The switch 8, in turn, has a heating body wound therearound in the form of a coil 10 which is connected in series with the coil 7 and with the switch contacts 8a nd 8b, the former of which is a bimetal.
In addition, the other end of the heating body 7 is in series with a bimetallic switch 11 mounted on the bracket 3a. While the switch 11 is exposed to the vacuum in the envelope 6, the switch 8 is isolated from this vacuum by a sealed envelope 8c filled with gas so that the contacts 8a and 8b lie in a gas space.
The sodium vapor lamp shown in FIG. 1 and whose eqivalent circuit has been illustrated in FIG. 2 is operated as follows: When the line voltage is supplied, both switches 8 and 11 are in their closed states so that the supply current flows through a circuit consisting of the distributed intrinsic input or starting inductivity (Vorlageinduktivitat) for convenience illustrated as a 12 in FIG. 2, the lead 4a sodium vapor lamp, support bracket 3a, the switch support, the heating body 7 wound on the discharge tube 1, the heating body 10 of the switch 8, the support bracket 3b and the lead 4b of the lamp. The line voltage is applied across the electrodes of the arc tube 1.
Upon the conclusion of the heating period (which is established by the dimensioning of the heating bodies and generally is between 1 and 2 minutes) the switch 8 opens.
At the instant of opening of this switch, the discharge which results from the aforementioned three factors is established through tube 1.
By the constructive configuration of the gas filled switch 8 (elasticity of the bimetal, construction and the gas filling) the characteristic induction voltage is limited, since it can jump the contacts in this switch, so that it is less than the breakdown voltage across the brackets 3a and 3b of the lamp. The switch 11 serves to break the connection to the other end of the heating body 7 in the heated state, thereby preventing sodium ions from migrating to the wall of the discharge tube and there recombining so that they tend to lodge in the ceramic materials of this wall and in this manner prematurely restore the discharge tube to its base level with respect to the degree of ignition.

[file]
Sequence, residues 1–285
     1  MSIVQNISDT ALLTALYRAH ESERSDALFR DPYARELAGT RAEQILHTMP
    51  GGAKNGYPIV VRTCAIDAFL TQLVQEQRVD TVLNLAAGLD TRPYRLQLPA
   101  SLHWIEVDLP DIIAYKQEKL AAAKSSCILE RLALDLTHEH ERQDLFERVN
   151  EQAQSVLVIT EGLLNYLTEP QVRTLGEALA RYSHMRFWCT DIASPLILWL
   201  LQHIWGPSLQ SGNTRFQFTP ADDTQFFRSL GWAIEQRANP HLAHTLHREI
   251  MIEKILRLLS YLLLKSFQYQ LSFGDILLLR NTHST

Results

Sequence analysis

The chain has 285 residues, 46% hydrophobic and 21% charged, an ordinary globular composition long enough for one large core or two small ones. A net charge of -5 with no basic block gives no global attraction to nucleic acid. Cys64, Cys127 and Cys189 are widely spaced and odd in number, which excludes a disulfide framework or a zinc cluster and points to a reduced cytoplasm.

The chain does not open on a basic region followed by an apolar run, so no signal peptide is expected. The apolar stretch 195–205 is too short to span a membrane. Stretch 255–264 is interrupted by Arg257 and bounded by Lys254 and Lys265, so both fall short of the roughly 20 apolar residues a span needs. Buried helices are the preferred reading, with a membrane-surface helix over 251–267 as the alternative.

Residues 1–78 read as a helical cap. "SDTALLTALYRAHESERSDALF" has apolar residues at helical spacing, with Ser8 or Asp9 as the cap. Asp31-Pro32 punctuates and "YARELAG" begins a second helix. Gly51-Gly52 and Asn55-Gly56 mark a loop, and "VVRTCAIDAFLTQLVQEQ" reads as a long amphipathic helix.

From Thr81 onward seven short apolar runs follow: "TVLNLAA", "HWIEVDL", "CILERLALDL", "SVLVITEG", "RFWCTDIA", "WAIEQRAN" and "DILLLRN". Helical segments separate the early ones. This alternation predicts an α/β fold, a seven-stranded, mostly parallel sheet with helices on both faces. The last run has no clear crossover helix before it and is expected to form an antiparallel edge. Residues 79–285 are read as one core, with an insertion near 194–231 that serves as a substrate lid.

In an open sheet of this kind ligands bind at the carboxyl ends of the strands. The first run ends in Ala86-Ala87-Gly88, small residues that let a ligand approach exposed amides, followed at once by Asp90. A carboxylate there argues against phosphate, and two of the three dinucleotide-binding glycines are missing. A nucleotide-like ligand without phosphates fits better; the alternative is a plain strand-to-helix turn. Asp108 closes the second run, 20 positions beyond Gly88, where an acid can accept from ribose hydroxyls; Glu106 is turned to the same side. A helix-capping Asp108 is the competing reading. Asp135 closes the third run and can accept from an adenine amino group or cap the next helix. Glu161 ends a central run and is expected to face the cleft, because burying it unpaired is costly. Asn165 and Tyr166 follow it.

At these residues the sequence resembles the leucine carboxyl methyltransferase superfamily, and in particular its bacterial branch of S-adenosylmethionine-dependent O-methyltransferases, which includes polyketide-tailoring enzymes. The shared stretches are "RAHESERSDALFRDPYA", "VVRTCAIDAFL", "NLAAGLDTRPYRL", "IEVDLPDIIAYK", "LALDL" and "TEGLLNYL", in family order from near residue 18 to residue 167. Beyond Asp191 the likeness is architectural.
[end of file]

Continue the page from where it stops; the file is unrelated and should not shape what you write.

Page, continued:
The sodium vapor lamp as illustrated in FIG. 3, and whose equivalent circuit has been shown in FIG. 4, differs from the previously described embodiment in that the switch 8' equivalent to the switch 8, is not provided in a gas space but is found in the vacuum within the envelope 6. In this case the overvoltage protection is provded by the voltage-dependent resistor 13 which is connected directly as shown between the terminals 5a and 5b formed by the base of the lamp. The sodium lamp in these figures is triggered in the following manner;
Application of the supply voltage finds the switches 8' and 11 in closed states so that the starting current flows through the input inductivity 12, the lead 14a of the voltage-dependent resistor 13, the lead 4a of the lamp, the support bracket 3a, the switch 11, the heating body 7, the switch 8, the support bracket 3b and the lead 14b of the voltage-dependent resistor 13 which lies in parallel to the arc tube 1.
Upon the lapse of the corresponding heating period which is determined by the dimensioning of the heating body 7 and the switch 8' and its location relative to the heating body 7, usually between one and two minutes, the switch 8' opens.
At the instant of opening of this switch, the discharge is generated in the tube 1 in the manner described although in this case the autoinduction voltage is limited by the voltage-dependent resistor 13.
Because the leads 14a and 14b of the voltage-dependent resistor 13 are directly connected to the lamp base 5, with the leads 4a and 4b of the lamp, solder junctions or weld jucntions are not affected by overload and high reliability is ensured.
In the modification of FIG. 5, the spark gap 13' replaces the voltage-dependent resistor 13, the lamp being otherwise operated in the manner described.